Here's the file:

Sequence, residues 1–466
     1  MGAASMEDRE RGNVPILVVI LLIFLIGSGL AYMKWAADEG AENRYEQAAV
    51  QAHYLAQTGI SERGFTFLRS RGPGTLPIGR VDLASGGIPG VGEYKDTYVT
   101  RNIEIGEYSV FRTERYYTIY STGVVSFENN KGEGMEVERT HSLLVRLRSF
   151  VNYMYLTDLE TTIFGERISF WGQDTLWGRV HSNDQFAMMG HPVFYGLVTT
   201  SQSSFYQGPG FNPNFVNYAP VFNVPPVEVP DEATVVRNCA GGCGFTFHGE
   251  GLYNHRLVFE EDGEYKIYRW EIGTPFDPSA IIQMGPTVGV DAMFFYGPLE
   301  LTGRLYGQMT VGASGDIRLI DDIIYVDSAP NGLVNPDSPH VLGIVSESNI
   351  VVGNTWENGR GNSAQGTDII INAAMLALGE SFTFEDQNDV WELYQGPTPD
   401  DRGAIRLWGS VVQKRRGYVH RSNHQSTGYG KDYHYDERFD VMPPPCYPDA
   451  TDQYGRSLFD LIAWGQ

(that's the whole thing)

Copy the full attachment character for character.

Sequence, residues 1–466
     1  MGAASMEDRE RGNVPILVVI LLIFLIGSGL AYMKWAADEG AENRYEQAAV
    51  QAHYLAQTGI SERGFTFLRS RGPGTLPIGR VDLASGGIPG VGEYKDTYVT
   101  RNIEIGEYSV FRTERYYTIY STGVVSFENN KGEGMEVERT HSLLVRLRSF
   151  VNYMYLTDLE TTIFGERISF WGQDTLWGRV HSNDQFAMMG HPVFYGLVTT
   201  SQSSFYQGPG FNPNFVNYAP VFNVPPVEVP DEATVVRNCA GGCGFTFHGE
   251  GLYNHRLVFE EDGEYKIYRW EIGTPFDPSA IIQMGPTVGV DAMFFYGPLE
   301  LTGRLYGQMT VGASGDIRLI DDIIYVDSAP NGLVNPDSPH VLGIVSESNI
   351  VVGNTWENGR GNSAQGTDII INAAMLALGE SFTFEDQNDV WELYQGPTPD
   401  DRGAIRLWGS VVQKRRGYVH RSNHQSTGYG KDYHYDERFD VMPPPCYPDA
   451  TDQYGRSLFD LIAWGQ